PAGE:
At times, the evidence supporting (or for avoiding) a particular diagnostic or therapeutic action is so strong that failure to perform such actions jeopardizes patients’ outcomes. Performance measures represent that subset of the guidelines for which the strongest evidence exists and for which their routine use (or avoidance) is felt to be an important advance to elevating quality.55,56,57 Creating performance measures entails a distinct methodology from that of guidelines creation55,57 and, as such, is undertaken by a separate ACC/AHA Task Force writing committee.
Performance measures are often constructed as a set of measures that quantify a range of health care processes and outcomes (Fig. 3–6) and are designed to identify multiple points in the continuum of care for which clinical inertia—the failure to implement or titrate recommended therapies—can occur.58,59 Once the relevant domains are identified, then those guideline recommendations with the strongest evidence and highest correlation with clinically meaningful outcomes are selected for performance measure creation. Constructing process-of-care performance measures requires the explicit articulation of the denominator of eligible patients, what constitutes compliance with the measure, over what period of care such compliance is needed, what source of data will be used to define these characteristics, and how the measure will be analyzed and reported.57 Once prototypical measures are proposed, their feasibility, interpretability, and actionability need to be established. In contrast to performance measures for processes of care, outcomes of care can also serve as performance measures if they fulfill established criteria and have the capacity to be risk-adjusted for patient characteristics present prior to the initial delivery of care.60
Example of care dimensions for ambulatory care: the care continuum. Reprinted from Spertus JA, Eagle KA, Krumholz HM, Mitchell KR, Normand SL. American College of Cardiology and American Heart Association methodology for the selection and creation of performance measures for quantifying the quality of cardiovascular care. Reproduced with permission from Spertus JA, Eagle KA, Krumholz HM, et al: American College of Cardiology and American Heart Association methodology for the selection and creation of performance measures for quantifying the quality of cardiovascular care, J Am Coll Cardiol. 2005 Apr 5;45(7):1147-1156.57
Various organizations are involved in the development of performance measures. Scientific bodies such as the ACC and the AHA are involved in the science behind these performance measures. However, organizations such as the Centers for Medicare & Medicaid Services, the Joint Commission, the National Quality Forum, the National Committee for Quality Assurance, and the Ambulatory Quality Care Alliance play key roles in either developing performance measures or adjudicating their value for national QI efforts. Established performance measures are now assuming an important role in public accountability and pay-for-performance initiatives.61,62 These are rapidly evolving initiatives and warrant the attention of clinicians in their recommendation, interpretation, and application. In addition to the more traditional clinician-focused conceptualization of performance measures, patient participation as part of performance measures is encouraged to improve patients’ outcomes, including health status.63 Similarly, challenging the historical exclusions of resource utilization and costs considerations in guideline developments and performance measures (although often implicitly considered), newer documents have started to consider cost in measure selection.64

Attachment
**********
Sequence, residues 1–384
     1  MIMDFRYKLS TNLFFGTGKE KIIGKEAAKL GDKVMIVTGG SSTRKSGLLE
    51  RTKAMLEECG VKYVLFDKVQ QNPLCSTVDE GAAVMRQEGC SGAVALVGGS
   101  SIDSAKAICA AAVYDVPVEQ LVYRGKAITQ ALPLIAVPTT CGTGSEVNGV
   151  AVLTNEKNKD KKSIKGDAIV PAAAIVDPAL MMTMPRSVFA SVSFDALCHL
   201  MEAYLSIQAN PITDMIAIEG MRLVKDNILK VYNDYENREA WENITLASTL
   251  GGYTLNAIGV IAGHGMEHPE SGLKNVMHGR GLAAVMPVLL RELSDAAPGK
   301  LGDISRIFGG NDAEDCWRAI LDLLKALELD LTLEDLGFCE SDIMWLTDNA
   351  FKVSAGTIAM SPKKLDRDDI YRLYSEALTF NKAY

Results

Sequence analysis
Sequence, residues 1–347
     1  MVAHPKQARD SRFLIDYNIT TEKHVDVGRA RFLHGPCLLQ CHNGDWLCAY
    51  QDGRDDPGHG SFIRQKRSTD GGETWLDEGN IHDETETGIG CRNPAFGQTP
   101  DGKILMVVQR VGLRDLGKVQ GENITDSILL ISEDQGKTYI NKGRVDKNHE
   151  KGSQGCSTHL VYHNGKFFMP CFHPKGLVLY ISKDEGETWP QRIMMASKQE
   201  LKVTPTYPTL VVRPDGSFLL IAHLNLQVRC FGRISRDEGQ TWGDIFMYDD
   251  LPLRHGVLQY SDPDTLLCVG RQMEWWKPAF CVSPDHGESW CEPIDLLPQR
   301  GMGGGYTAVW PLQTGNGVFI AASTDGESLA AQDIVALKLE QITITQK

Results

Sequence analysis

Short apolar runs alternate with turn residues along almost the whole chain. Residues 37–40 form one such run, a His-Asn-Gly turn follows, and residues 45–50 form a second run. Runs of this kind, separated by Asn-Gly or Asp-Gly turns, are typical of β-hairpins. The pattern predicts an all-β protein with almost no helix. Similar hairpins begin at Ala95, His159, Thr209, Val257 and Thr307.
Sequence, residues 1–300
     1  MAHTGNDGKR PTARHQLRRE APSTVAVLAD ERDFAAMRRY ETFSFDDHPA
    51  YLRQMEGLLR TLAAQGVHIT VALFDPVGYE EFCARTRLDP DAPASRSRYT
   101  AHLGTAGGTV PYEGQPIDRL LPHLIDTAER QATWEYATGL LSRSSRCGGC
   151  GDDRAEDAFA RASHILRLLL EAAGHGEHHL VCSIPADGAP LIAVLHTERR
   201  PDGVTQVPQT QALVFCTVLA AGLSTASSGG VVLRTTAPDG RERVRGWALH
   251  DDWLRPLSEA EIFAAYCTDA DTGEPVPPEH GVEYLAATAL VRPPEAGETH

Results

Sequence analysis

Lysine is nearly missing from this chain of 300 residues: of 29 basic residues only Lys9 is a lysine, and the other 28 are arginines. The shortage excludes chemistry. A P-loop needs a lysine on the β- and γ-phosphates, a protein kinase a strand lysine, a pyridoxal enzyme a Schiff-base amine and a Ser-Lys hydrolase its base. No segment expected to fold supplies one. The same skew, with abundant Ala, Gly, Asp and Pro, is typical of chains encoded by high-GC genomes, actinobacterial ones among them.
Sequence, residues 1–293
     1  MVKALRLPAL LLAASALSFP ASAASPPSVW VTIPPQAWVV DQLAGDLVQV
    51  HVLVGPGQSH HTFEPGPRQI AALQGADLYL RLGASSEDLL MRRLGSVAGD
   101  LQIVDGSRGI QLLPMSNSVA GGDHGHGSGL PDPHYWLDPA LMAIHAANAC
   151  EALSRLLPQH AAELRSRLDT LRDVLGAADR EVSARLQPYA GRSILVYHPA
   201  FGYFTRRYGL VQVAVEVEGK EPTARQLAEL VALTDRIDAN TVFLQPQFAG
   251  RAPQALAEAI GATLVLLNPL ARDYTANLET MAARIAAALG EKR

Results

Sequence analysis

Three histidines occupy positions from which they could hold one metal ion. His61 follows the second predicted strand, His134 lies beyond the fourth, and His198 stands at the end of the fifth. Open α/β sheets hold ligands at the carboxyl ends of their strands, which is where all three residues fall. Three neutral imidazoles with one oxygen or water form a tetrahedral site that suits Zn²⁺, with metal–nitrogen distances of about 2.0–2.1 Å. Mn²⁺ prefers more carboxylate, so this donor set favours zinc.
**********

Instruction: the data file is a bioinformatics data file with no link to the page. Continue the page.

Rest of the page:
Over the past several decades, the United States has witnessed a substantial increase in the use of diagnostic testing and therapeutic procedures in cardiovascular care. For example, the National Heart, Lung, and Blood Institute estimated that more than 1.3 million coronary angiography procedures were performed in 2008, an increase of almost 350% since 1979.65 However, this increase was not uniform and had marked regional variations, such as that documented by the Dartmouth Atlas.66
Given the nation’s increasing concerns about the escalating costs of health care, there was a pressing need to understand such regional variability. This has led to the conceptualization of appropriateness, which includes underuse (the failure to provide services from which the patient would benefit), misuse (performing procedures in the correct patients but doing so in a manner that results in harm; see Performance Measures), and overuse (where tests and procedures may not be needed or even be harmful to the patient). Inappropriate use of tests and therapies clearly accelerate costs to both patients and society and exposes patients to potential harms.
To address the demand for clearer insights into the appropriateness of care, the ACC, along with the AHA and other professional organizations, created a framework to begin evaluating the selection of patients for specific diagnostic tests and therapeutic interventions. In 2005, the ACC published their methodology for creating appropriate use criteria in cardiovascular imaging.67 They defined a procedure as appropriate if “the expected incremental information, combined with clinical judgment, exceeds the expected negative consequences by a sufficiently wide margin for a specific indication that the procedure is generally considered acceptable care and a reasonable approach for the indication.”67